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Age patterns in the prevalence of DSM-IV depressive/anxiety disorders with and without physical co-morbidity

Published online by Cambridge University Press:  19 May 2008

K. M. Scott*
Affiliation:
Department of Psychological Medicine, Otago University, Wellington, New Zealand
M. Von Korff
Affiliation:
Center for Health Studies, Group Health Cooperative of Puget Sound, Seattle, WA, USA
J. Alonso
Affiliation:
Health Services Research Unit, Institute Municipal d'Investigacio Medica (IMIM), and CIBER en Epidemiologia y Salud Publica (CIBERESP), Barcelona, Spain
M. Angermeyer
Affiliation:
Center for Public Mental Health, Austria
E. J. Bromet
Affiliation:
SUNY Stony Brook, Stony Brook, New York, USA
R. Bruffaerts
Affiliation:
Department of Neurosciences and Psychiatry, University Hospital, Gasthuisberg, Leuven, Belgium
G. de Girolamo
Affiliation:
Regional Health Care Agency, Emilia-Romagna Region, Bologna, Italy
R. de Graaf
Affiliation:
Netherlands Institute of Mental Health and Addiction, Utrecht, The Netherlands
A. Fernandez
Affiliation:
Fundació Sant Joan de Déu Research and Development Unit, Barcelona, Spain
O. Gureje
Affiliation:
Department of Psychiatry, University College Hospital, Ibadan, Nigeria
Y. He
Affiliation:
Shanghai Mental Health Center, Shanghai, People's Republic of China
R. C. Kessler
Affiliation:
Department of Health Care Policy, Harvard Medical School, Boston, MA, USA
V. Kovess
Affiliation:
Fondation MGEN Pour La Santé Publique, Université Paris 5, Paris, France
D. Levinson
Affiliation:
Mental Health Services, Ministry of Health, Jerusalem, Israel
M. E. Medina-Mora
Affiliation:
Department of Epidemiology, National Institute of Psychiatry, Mexico City, Mexico
Z. Mneimneh
Affiliation:
Institute for Development Research Advocacy and Applied Care (IDRAAC), Beirut, Lebanon
M. A. Oakley Browne
Affiliation:
Department of Rural and Indigenous Health, School of Rural Health, Monash University, Victoria, Australia
J. Posada-Villa
Affiliation:
Colegio Mayor de Cundinamarca University, Bogota, Colombia
H. Tachimori
Affiliation:
National Institute of Mental Health, National Center of Neurology and Psychiatry, Kodaira, Tokyo, Japan
D. Williams
Affiliation:
Department of Society, Human Development and Health, Harvard School of Public Health, Harvard University, Boston, MA, USA
*
*Address for correspondence: K. M Scott, Ph.D., Department of Psychological Medicine, Otago University, Wellington, PO Box 7343, Wellington South, New Zealand. (Email: kate.scott@otago.ac.nz)

Abstract

Background

Physical morbidity is a potent risk factor for depression onset and clearly increases with age, yet prior research has often found depressive disorders to decrease with age. This study tests the possibility that the relationship between age and mental disorders differs as a function of physical co-morbidity.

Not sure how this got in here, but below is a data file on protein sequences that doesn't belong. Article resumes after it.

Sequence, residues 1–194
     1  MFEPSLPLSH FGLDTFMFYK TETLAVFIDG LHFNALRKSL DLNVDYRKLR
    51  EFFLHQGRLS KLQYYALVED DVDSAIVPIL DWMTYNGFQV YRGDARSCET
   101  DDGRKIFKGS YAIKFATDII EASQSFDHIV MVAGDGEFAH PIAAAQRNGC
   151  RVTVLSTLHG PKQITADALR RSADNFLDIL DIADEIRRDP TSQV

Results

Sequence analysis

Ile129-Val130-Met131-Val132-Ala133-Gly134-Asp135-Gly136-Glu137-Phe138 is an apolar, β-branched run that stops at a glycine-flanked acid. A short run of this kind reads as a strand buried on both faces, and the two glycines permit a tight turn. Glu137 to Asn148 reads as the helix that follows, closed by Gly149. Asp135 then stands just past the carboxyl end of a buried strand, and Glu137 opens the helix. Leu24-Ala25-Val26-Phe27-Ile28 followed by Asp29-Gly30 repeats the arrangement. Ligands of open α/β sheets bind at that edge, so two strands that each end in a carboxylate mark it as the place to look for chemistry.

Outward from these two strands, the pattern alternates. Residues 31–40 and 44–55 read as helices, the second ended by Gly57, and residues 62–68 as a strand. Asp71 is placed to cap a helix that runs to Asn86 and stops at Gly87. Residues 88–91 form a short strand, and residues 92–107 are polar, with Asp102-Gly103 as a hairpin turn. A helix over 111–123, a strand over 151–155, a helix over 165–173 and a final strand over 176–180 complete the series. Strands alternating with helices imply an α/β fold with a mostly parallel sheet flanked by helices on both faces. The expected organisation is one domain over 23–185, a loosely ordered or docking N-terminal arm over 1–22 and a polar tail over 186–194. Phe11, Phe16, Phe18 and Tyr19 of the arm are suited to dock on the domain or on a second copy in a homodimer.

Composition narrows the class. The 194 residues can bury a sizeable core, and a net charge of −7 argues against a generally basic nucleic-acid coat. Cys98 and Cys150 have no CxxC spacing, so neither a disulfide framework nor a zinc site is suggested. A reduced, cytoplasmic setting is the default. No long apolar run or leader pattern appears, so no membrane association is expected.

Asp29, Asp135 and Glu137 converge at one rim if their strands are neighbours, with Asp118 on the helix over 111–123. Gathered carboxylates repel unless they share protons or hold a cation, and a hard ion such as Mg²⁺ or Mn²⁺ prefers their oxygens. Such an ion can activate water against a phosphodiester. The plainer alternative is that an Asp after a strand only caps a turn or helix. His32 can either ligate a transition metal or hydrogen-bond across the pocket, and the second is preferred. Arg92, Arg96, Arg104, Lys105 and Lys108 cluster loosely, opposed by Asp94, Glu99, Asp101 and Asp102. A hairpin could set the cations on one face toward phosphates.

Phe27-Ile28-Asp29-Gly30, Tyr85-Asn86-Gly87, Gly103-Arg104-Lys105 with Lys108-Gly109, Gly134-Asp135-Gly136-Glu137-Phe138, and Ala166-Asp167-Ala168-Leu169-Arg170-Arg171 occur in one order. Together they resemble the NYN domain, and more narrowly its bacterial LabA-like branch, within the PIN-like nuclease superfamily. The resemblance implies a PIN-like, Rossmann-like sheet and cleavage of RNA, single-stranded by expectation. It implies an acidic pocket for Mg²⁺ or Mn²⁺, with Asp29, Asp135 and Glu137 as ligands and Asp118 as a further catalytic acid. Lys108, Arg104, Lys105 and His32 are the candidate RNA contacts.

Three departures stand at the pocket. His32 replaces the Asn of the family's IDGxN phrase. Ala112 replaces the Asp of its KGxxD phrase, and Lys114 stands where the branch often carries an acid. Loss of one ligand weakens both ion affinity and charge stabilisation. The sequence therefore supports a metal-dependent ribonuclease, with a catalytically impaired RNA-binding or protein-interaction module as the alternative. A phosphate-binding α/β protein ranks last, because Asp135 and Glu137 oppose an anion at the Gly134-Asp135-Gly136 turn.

Method

Eighteen general population surveys were carried out among household-residing adults as part of the World Mental Health (WMH) surveys initiative (n=42 697). DSM-IV disorders were assessed using face-to-face interviews with the Composite International Diagnostic Interview (CIDI 3.0). The effect of age was estimated for 12-month depressive and/or anxiety disorders with and without physical or pain co-morbidity, and for physical and/or pain conditions without mental co-morbidity.

Results

Depressive and anxiety disorders decreased with age, a result that cannot be explained by organic exclusion criteria. No significant difference was found in the relationship between mental disorders and age as a function of physical/pain co-morbidity. The majority of older persons have chronic physical or pain conditions without co-morbid mental disorders; by contrast, the majority of those with mental disorders have physical/pain co-morbidity, particularly among the older age groups.

Conclusions

CIDI-diagnosed depressive and anxiety disorders in the general population decrease with age, despite greatly increasing physical morbidity with age. Physical morbidity among persons with mental disorder is the norm, particularly in older populations. Health professionals, including mental health professionals, need to address barriers to the management of physical co-morbidity among those with mental disorders.

Type
Original Articles
Copyright
Copyright © 2008 Cambridge University Press

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